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A.A. Masterson: A long career behind the bar

This photo shows finishing touches put into place on the Hannibal Trust Co., building, on the northeast corner of Third and Broadway, 1909-1910. At far left is the saloon located at 106 N. Third St., operated by A.A. Masterson from 1905 until his death in 1919. HANNIBAL ARTS COUNCIL PHOTO/STEVE CHOU COLLECTION


A.A. Masterson was a newcomer to Hannibal when, in the mid 1880s, he assumed proprietorship of the Masterson saloon and hotel at 310 South Main Street in downtown Hannibal. Already a widower at the age of 35, with two young children in his charge, A.A. – sometimes referred to as Andy, and other times Ambrose – made a living leaning against a bar counter, selling his liquid wares, and listening to the stories told to him by his saloon patrons.

His tavern, located across the street from the grand new Union Depot (completed in 1882) was pivotal spot for lodging and drinking establishments in Hannibal, with trains the primary means of cross-country transportation and passengers with layovers making key connections from all parts of the United States.

Located adjacent and to the north of the Hannibal and St. Joseph Railroad tracks in 1885, he was assured of his fair share of business in this key location, plus the building’s second floor provided living accommodations for himself and his two children.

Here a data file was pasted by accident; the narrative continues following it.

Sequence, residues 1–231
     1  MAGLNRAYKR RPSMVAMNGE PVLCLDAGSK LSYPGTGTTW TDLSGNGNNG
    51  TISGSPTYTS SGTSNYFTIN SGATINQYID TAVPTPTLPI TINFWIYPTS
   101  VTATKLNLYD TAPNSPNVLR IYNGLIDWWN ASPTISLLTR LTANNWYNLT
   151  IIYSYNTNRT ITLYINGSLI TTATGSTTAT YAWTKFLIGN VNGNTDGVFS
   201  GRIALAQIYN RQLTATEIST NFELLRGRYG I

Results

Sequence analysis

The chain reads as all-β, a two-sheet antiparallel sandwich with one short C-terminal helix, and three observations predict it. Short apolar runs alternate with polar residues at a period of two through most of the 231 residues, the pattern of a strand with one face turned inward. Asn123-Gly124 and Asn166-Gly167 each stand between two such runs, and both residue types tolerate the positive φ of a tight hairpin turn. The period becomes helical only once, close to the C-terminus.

His saloon was one of 32 advertised in the Hannibal City Directory of 1885, including George A. Kettering’s Hotel and saloon, just to the south of Masterson’s Hotel, and E.J. Ohmer’s Hotel and restaurant, inside of the Union Depot, across South Main Street from Masterson’s Hotel. Dennis Mahoney was Masterson’s bartender.

Trotting horse

An item of interest published in the Quincy Whig on Aug. 20, 1885, gives a little insight into the curiosities in the life of A. A. Masterson. Mr. Masterson was the registered owner of a trotting horse, scheduled for participation in an event at Mt. Sterling, Ill., on the upcoming weekend. The horse, in the care of a horseman named Frank Smith, was ready to go, when at attachment warrant was served by John Helmbold for non-payment of a feed bill. Masterson left Hannibal, and upon arrival in Quincy, retrieved his trotter.


While South Main Street gave the presence of an ideal saloon location, it wasn’t long before Masterson and his children were on the move.

He set up shop in a building on the west side of South Main Street, near the Broadway intersection. That building and its contents were consumed in one of Hannibal’s most costly fires, at the end of November 1893. This fire started in the Williams –Voorhis Dry Goods Store at the intersection of Church and South Main, and before the fire was extinguished, it had consumed all the buildings on both sides of the street.

Move to Broadway,

then to Quincy, Ill.

After the fire, Masterson formed a partnership with William J. Dolan and together they operated the Dolan and Masterson saloon on the southeast corner of Broadway and South Third street in Hannibal. (The building was demolished in 2016.) The partnership didn’t last long however. In July 1895 Dolan purchased Masterson’s share of the business, and Masterson announced plans to move to Quincy, Ill.

Masterson, in turn, purchased the City Hall Saloon, in the rear of the city hall, on North Third Street in Quincy. On Aug. 3, 1895, the Quincy Daily Herald reported that Hannibal bartender Marsh Hemstraw was moving to Quincy to work with Masterson.